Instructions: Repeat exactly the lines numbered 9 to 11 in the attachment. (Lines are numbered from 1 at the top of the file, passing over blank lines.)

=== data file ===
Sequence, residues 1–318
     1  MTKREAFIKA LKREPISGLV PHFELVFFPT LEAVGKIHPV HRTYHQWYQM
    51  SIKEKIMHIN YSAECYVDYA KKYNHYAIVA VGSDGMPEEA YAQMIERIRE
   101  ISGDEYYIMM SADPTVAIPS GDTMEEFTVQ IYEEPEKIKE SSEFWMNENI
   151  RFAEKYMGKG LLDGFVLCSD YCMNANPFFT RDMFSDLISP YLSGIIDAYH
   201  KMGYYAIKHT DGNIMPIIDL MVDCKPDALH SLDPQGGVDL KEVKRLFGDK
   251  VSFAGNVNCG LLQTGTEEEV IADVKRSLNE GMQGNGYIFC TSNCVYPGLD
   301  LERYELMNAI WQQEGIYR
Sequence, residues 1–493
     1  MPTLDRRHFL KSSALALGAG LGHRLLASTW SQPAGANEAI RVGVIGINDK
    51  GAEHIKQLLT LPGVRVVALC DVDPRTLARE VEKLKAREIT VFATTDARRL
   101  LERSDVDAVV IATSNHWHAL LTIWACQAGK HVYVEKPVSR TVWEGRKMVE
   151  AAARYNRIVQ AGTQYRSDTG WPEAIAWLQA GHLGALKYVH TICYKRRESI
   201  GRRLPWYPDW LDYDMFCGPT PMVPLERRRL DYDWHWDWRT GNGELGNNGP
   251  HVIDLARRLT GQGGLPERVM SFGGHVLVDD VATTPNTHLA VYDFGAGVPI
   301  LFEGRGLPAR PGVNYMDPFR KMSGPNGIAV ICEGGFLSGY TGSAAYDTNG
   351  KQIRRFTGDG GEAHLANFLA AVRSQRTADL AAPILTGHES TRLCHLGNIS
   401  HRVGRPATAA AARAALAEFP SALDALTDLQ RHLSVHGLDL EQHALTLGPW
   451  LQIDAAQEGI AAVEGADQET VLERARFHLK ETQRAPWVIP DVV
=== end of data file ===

Sequence, residues 1–493
     1  MPTLDRRHFL KSSALALGAG LGHRLLASTW SQPAGANEAI RVGVIGINDK
    51  GAEHIKQLLT LPGVRVVALC DVDPRTLARE VEKLKAREIT VFATTDARRL